The Jackman Humanities Institute and the John H. Daniels Faculty of Landscape, Architecture, and Design have collaborated to host the public lecture Aerial Evidence in Zones of Conflict: Caren Kaplan and Laura Kurgan in Conversation. This event will bring together two esteemed scholars to discuss their recent research on representations of violence, data science, and aerial reconnaissance imagery.
Caren Kaplan is a Professor of American Studies and an affiliated faculty in Cultural Studies and Science and Technology Studies. She is also affiliated with the Humanities Innovation Lab, the Mellon Research Initiative in Digital Cultures, and the IFHA on Gamification. She is the author of Questions of Travel: Postmodern Discourses of Displacement (Duke 1996) and the co-author/editor of Introduction to Women’s Studies: Gender in a Transnational World (McGraw-Hill 2001/2005), Between Woman and Nation: Transnational Feminisms and the State (Duke 1999), and Scattered Hegemonies: Postmodernity and Transnational Feminist Practices (Minnesota 1994) as well as two digital multi-media scholarly works, Dead Reckoning and Precision Targets. She is currently completing a book on aerial views and militarized visual culture.
Kaplan's lecture is titled Aerial Aftermaths: The Colonial Present in '9/11' Views from Above. Despite the efforts of global media and politicians to frame the attacks of September 11, 2001 as exceptional, positioning the United States as an innocent victim in a battle between abstract values of good and evil, the melancholic presences and absences that permeate the aftermath disturb timelines as well as spatial boundaries. In the aerial images of “9/11” and its aftermath, the primary discourses of representation in general and photography in particular are both emphatically propounded and challenged. No matter how many images are collected, stored, interpreted, and released, these pictures are always after the fact. Always already incomplete yet replete with what or whom is missing, these extreme examples of the limits of the image also offer a way to sense what was always there in wartime's everyday--the unspooling, dispositional violence of the colonial aftermaths.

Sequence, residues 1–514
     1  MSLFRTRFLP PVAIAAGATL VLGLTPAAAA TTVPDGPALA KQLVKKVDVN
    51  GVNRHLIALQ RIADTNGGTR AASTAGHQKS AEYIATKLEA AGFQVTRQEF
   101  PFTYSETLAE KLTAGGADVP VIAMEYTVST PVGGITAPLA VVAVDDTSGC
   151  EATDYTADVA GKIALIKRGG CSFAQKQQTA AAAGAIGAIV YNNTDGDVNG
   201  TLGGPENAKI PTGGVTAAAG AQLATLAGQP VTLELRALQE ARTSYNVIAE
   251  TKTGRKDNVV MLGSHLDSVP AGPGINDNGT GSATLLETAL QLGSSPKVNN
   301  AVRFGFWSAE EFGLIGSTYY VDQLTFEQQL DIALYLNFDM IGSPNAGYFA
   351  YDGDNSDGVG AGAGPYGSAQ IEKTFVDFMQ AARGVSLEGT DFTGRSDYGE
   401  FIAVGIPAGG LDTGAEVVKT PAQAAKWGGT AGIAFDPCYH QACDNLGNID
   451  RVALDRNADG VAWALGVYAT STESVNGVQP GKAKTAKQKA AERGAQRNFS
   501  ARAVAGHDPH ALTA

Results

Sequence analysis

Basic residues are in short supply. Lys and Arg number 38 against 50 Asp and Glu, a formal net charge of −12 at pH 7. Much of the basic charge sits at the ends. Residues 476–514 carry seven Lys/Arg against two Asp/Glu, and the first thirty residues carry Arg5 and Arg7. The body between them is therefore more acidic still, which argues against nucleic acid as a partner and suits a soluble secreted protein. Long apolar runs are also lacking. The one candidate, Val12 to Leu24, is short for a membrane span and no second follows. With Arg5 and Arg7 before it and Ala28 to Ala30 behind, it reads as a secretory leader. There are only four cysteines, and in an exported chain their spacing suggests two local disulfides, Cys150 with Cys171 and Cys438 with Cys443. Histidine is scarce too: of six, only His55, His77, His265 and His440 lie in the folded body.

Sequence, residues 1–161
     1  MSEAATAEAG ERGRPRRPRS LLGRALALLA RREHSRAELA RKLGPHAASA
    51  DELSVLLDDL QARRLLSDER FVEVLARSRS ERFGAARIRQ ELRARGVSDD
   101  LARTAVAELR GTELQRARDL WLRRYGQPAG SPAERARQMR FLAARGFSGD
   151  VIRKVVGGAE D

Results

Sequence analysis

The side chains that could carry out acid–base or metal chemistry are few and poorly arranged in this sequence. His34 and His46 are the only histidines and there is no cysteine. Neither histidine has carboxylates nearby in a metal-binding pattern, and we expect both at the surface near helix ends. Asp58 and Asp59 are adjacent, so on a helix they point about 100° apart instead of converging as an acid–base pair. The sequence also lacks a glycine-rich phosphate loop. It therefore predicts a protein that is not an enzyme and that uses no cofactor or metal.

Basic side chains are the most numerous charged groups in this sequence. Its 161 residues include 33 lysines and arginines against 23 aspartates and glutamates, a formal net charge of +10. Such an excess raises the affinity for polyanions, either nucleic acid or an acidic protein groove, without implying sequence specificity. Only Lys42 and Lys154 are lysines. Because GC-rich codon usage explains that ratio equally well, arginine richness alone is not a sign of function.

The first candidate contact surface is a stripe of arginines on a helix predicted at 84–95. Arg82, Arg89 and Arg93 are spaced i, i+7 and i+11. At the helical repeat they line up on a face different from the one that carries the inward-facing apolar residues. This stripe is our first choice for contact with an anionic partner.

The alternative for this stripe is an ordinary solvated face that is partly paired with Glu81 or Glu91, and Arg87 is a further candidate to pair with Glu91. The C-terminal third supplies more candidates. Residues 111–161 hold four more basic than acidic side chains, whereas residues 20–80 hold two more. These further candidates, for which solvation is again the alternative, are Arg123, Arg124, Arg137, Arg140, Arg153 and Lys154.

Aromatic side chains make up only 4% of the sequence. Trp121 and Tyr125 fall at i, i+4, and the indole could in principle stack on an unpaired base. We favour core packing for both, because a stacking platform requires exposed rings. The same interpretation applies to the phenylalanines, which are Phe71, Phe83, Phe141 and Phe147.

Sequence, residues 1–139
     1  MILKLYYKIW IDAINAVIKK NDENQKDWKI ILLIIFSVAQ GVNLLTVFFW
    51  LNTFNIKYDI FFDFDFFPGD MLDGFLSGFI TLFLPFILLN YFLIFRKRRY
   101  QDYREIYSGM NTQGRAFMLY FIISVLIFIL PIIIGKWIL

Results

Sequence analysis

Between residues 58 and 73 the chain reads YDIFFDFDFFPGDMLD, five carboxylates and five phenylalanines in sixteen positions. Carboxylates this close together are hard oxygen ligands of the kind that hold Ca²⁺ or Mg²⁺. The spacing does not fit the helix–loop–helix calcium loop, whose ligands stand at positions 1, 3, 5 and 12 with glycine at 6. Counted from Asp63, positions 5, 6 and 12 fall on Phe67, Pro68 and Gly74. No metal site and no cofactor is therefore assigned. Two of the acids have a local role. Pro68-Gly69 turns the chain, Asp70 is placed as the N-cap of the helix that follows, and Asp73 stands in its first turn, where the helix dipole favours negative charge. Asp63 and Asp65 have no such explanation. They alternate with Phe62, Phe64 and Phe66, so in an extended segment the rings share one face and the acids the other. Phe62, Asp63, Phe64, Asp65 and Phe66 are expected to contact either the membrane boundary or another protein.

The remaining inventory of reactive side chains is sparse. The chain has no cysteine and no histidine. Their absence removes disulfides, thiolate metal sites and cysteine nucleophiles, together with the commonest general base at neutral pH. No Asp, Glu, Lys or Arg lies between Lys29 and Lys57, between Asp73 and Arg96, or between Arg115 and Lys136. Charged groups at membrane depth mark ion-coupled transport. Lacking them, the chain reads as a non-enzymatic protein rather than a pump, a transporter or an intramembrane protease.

Laura Kurgan teaches architecture at the Graduate School of Architecture, Preservation, and Planning at Columbia University, where she is Director of the Spatial Information Design Lab (SIDL) and the Director of Visual Studies. Her work explores problems ranging from digital location technologies, the ethics and politics of mapping, to new structures of participation in design, and the visualization of urban and global data. Her recent research includes a multi-year SIDL project on "million-dollar blocks" and the urban costs of the American incarceration experiment and an exhibition on global migration and climate change, Native Land: Stop Eject, at the Fondation Cartier in Paris. Her work has appeared at the Venice Architecture Biennale, the Whitney Altria, MACBa Barcelona, the ZKM in Karlsruhe, and the Museum of Modern Art (where it is part of the permanent collection). She was named one of Esquire Magazine's 'Best and Brightest' in 2008, and was awarded a United States Artists Rockefeller Fellowship in 2009. She has published articles and essays in Atlantic Magazine, Volume, Grey Room, Assemblage, and Else/Where Mapping, among other books and journals.
Kurgan's lecture is titled Seeing Through Data, and will focus on her recent work from the Center for Spatial Research. Coinciding with the massive expansion of networked digital devices and platforms (from the Geospatial Web, to Social Media, the Internet of Things, sensor-equipped buildings and infrastructure,) the automated generation of data—and its flow through global networks—has emerged as an opportunity for and an object of production, research and analysis. Corresponding to this, new methods of working with this data have generated an emerging academic field loosely labeled “data science.” Kurgan will present a number of collaborative projects she has worked on embedded in this emerging field that take a critical rather than optimistic stance toward data and its manifestations.